My favourite line from the first season of True Detective is towards the end of the series, where detective Rust Cohle forces himself to watch the entirety of a horrific piece of video evidence he finds. When his partner asks why he watched the whole thing, Rust says:
I will not avert my eyes. Not again.
I have been playing a bit of basketball lately, just shooting some hoops like you do. What I have started to notice is that the more clearly I am able to look directly at a specific spot on the ring, without being distracted, the more likely I am to shoot accurately.
I know there are times when I have averted my eyes and not look directly at a thing, because I am distracted, unable to summon the will to hold a gaze, or afraid of what I might see if I continue to look.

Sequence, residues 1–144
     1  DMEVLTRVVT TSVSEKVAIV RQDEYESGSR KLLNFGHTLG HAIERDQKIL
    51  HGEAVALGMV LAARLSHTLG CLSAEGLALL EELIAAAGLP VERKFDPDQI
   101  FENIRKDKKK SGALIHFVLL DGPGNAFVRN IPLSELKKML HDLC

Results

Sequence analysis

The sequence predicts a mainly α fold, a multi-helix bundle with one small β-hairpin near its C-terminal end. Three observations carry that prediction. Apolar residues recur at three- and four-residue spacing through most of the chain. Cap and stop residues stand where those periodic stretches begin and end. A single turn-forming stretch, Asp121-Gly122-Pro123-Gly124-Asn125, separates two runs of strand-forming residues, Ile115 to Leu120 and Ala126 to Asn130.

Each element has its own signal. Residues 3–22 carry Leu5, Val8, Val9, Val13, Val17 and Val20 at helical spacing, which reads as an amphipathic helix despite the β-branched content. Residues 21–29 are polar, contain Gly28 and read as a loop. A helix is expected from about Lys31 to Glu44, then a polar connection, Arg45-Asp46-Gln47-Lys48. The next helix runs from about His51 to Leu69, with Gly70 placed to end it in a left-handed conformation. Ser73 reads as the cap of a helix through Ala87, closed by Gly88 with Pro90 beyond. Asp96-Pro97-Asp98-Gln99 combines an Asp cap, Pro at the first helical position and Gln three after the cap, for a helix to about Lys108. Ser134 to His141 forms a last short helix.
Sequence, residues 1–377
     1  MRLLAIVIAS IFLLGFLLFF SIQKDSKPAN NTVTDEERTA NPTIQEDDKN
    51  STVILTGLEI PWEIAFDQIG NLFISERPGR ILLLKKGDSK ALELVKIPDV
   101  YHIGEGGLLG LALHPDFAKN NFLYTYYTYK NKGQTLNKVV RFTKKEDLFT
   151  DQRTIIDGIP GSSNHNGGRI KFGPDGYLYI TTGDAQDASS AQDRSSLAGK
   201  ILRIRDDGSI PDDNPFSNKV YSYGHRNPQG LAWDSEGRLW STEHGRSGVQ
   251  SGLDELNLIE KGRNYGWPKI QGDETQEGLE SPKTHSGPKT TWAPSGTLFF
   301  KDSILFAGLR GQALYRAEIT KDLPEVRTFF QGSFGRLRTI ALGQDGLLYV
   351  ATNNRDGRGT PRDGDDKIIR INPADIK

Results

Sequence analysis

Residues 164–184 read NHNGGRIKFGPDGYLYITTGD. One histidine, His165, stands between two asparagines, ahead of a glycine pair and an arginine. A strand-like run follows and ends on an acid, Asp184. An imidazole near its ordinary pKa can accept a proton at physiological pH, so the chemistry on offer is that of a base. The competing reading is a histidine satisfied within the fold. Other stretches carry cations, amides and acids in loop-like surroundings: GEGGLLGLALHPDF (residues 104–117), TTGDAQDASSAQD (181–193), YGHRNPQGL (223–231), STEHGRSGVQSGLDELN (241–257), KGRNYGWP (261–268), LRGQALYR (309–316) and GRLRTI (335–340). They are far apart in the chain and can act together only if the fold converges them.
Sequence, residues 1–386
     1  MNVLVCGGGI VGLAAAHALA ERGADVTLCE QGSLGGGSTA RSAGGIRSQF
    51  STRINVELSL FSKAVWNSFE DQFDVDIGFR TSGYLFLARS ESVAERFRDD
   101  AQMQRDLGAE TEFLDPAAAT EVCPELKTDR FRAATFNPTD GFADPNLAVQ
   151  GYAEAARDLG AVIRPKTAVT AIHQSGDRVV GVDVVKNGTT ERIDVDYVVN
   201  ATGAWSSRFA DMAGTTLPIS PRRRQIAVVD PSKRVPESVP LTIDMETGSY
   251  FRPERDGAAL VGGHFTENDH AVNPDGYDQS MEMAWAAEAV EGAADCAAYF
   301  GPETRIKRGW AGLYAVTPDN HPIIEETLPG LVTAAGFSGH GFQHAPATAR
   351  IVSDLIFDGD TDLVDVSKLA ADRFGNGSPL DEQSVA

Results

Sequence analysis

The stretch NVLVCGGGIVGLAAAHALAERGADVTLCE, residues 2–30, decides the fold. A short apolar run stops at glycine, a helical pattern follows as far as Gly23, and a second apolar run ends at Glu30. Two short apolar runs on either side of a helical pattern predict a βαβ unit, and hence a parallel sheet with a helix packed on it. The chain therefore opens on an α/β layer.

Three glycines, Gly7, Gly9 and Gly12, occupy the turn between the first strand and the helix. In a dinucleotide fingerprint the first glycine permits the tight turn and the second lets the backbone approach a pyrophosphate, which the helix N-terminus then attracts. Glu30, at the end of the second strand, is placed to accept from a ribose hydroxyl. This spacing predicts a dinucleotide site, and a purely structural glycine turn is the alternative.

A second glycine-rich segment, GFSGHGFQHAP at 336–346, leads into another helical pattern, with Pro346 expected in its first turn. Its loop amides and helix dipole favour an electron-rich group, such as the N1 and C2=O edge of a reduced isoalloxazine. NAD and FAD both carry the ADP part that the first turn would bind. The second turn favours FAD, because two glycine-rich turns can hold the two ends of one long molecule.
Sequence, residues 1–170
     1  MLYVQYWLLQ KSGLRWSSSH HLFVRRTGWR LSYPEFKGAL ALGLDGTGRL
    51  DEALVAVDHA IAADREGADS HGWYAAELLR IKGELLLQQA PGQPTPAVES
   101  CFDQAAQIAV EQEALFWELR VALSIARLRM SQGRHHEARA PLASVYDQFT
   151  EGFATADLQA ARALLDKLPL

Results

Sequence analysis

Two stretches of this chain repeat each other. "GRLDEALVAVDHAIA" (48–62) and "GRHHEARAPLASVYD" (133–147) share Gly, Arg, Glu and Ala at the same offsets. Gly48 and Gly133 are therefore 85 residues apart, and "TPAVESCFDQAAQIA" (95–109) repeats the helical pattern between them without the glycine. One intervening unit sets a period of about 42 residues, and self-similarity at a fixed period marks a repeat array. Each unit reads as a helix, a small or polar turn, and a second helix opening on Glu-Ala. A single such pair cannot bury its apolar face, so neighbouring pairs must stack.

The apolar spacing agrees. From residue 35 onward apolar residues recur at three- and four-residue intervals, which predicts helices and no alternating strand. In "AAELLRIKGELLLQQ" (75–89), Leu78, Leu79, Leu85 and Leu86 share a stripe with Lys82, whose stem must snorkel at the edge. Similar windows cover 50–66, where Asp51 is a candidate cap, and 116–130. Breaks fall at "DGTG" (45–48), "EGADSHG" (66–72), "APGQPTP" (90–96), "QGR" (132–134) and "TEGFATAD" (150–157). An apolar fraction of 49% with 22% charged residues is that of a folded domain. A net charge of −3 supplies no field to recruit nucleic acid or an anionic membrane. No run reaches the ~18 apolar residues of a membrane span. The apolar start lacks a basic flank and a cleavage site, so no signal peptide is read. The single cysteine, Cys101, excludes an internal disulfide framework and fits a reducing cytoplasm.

Usually I get a sense of the thing I need to look at. It is often a feeling I get in my body. It might be a hunch about a relationship that is not quite right. A thought that I need to stop for a second before I do something I feel compelled to do. About the reason I want to eat a whole lot of rubbish food even though I am not hungry.
For Rust, averting his eyes cost him years of his life, and many others their lives altogether. For me, I know averting my eyes has cost me years doing things I know have not been quite right for me.
I sense that although it is so difficult to look at reality sometimes, so difficult to hold a gaze in the heat and pain of discomfort, the sooner I am able to see things as they are, the sooner I am making decisions based on facts rather than my version of a distorted reality.